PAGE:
This page is designed to answer the following questions:
- 3.1 Explain the importance of establishing consent when providing care or support (Level 2 Diploma in Care, Implement person-centred approaches in care settings)
- 3.2 Establish consent for an activity or action (Level 2 Diploma in Care, Implement person-centred approaches in care settings)
- 3.3 Explain what steps to take if consent cannot be readily established (Level 2 Diploma in Care, Implement person-centred approaches in care settings)
- 3.2 Establish consent for an activity or action (Level 3 Diploma in Adult Care, Promote person-centred approaches in care settings)
- 3.3 Explain what steps to take if consent cannot be readily established (Level 3 Diploma in Adult Care, Promote person-centred approaches in care settings)
NOTE: This page has been quality assured for 2021 as per our Quality Assurance policy.
Consent means to obtain an individual’s permission before carrying out a healthcare activity. Establishing consent prior to commencing a healthcare activity or action is an important ethical and legal responsibility for a care worker.
Establishing consent supports a person-centred approach because it respects the individual and the choices they make, empowers them to make their own decisions and promotes independence and dignity. It is also a legal requirement under the Mental Capacity Act 2005 and the Care Act 2014.
For an individual to provide consent, they must have all the data they need to make an informed decision, including the benefits and risks. This should be impartial information and care workers should not include their own personal beliefs. In cases where an individual does not have the capacity to consent, then consent can be obtained by a representative (such as a family member), however, the decision must be made in the individuals best interests.
Consent can be established in several ways.
Best practice is to explain what the task involves in a way that the individual you are supporting can easily understand and then ask if is okay to go ahead. The individual may consent verbally or by gestures such as nodding or (if you are asking if they want to eat) opening their mouth. By having a good knowledge of their communication needs and preferences as detailed in their care plan, you will better understand how the individual gives consent.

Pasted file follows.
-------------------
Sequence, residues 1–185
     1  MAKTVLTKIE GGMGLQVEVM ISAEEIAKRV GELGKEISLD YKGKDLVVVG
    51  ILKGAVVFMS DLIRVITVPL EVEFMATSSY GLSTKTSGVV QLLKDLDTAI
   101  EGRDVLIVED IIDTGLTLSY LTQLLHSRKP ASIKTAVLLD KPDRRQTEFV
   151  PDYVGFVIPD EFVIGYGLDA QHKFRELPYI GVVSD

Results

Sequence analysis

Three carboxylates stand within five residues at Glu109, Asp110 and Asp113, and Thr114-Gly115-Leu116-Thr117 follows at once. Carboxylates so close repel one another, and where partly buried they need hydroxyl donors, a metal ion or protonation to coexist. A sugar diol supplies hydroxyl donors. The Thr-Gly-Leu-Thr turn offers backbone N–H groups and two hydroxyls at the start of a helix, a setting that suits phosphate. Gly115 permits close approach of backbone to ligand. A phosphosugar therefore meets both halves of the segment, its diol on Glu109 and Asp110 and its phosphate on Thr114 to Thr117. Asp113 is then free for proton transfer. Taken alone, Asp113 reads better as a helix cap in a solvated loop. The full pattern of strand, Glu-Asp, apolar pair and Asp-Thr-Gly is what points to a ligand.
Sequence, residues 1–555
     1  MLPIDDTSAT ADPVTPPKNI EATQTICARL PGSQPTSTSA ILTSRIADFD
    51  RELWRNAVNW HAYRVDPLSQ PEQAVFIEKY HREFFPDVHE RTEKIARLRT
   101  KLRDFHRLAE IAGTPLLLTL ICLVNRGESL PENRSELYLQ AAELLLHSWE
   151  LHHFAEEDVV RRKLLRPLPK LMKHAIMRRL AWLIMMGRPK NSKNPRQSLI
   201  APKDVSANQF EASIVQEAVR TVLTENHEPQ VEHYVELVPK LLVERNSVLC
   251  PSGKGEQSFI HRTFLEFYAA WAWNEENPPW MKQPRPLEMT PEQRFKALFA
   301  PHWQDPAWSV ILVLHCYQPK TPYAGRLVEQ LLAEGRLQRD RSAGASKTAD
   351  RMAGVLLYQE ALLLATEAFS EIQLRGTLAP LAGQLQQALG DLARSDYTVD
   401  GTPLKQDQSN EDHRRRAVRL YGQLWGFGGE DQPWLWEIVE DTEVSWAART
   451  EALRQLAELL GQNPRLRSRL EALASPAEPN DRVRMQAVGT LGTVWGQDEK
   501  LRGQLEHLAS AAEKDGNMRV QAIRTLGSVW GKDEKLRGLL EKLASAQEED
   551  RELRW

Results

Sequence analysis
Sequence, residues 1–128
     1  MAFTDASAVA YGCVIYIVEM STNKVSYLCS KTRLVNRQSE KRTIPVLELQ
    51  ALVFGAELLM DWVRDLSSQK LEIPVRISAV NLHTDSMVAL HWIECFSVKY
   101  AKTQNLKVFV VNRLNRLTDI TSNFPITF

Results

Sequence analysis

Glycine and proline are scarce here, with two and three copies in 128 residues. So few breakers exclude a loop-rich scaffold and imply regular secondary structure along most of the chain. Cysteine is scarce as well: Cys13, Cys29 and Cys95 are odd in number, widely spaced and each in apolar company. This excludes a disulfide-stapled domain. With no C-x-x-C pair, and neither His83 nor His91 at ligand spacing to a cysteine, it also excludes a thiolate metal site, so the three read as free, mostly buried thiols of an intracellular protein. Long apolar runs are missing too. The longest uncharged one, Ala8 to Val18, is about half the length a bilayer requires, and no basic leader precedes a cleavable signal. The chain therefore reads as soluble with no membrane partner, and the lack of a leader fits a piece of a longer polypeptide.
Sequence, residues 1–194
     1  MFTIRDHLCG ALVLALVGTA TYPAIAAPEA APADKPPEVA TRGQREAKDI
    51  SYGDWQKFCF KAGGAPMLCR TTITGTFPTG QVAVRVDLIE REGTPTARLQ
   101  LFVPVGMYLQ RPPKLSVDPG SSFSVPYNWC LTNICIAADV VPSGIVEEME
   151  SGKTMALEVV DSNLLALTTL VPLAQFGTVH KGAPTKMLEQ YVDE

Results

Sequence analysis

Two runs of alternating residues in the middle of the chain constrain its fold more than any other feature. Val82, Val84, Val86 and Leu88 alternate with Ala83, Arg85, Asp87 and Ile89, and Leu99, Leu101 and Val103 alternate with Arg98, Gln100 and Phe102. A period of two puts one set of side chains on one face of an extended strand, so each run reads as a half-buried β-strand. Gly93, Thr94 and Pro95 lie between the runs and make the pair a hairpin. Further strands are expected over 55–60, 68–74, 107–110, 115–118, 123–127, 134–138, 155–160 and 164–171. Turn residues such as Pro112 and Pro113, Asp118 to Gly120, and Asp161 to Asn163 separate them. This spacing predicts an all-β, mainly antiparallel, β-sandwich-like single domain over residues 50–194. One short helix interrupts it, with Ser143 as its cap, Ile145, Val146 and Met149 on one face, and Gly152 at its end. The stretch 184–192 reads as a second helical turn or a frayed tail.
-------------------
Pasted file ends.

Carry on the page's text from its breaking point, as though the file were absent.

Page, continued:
If consent cannot be readily established
If, for any reason, consent cannot be established then there may be something else troubling the individual and you will have the opportunity to work with them to identify the reasons why they do not want to give their consent.
Other strategies include leaving the individual for a while and trying again later or asking a co-worker to try to gain consent and carry out the task.
However, you should always respect their right to refuse care and support if that is their wish. They may have good reason for denying permission!
If you are unable to perform your role because you cannot obtain consent, you should follow your organisation’s agreed ways of working and report it to your manager immediately. Your manager may be able to establish the reasons for the refusal or know what actions to take next.
This may include contacting the individual’s GP or NHS Direct (if, for example, the individual is refusing to have their medication) or the individual’s next of kin.
You should always make a record of the actions you have taken to gain consent, including all conversations and reasons given by the individual for their refusal.
Example question and answer
You are a senior social care worker and have been asked to mentor a colleague who is finding it difficult to understand the importance of obtaining consent from individuals receiving a service.
In a written account, you must:
- Describe the different factors that might affect an individual’s ability to express their view.
- Explain different ways of gaining consent to activities or actions.
- Explain what to do if the social care worker cannot gain consent or is unsure of the response.
Gaining consent before giving care is extremely important in an adult social care setting, not only because it is a legal requirement but also because it demonstrates respect for the individual, develops trust and because it is easier to provide care to someone that is willing to accept it.
An individual’s ability to express their view could be compromised by several factors. Firstly, they may not have the mental capacity to make an informed choice or may be unable to communicate verbally. They may have physical disabilities that make communication difficult. There may be language barriers, for example with an individual that doesn’t speak English or the individual may not have been given enough information to make an informed choice.
Consent can be given in many different ways. Primarily, verbal consent will be used after the caregiver has explained what they are going to do and requested permission to do it, however an individual may consent with gestures, such as nodding or using sign language. Written consent can also be obtained, or for individuals that do not have the mental capacity to give consent themselves, an advocate can give consent on their behalf.
Care should not be provided if consent cannot be obtained, or even if you are unsure if the individual has given consent. You should seek guidance from your manager about how to proceed.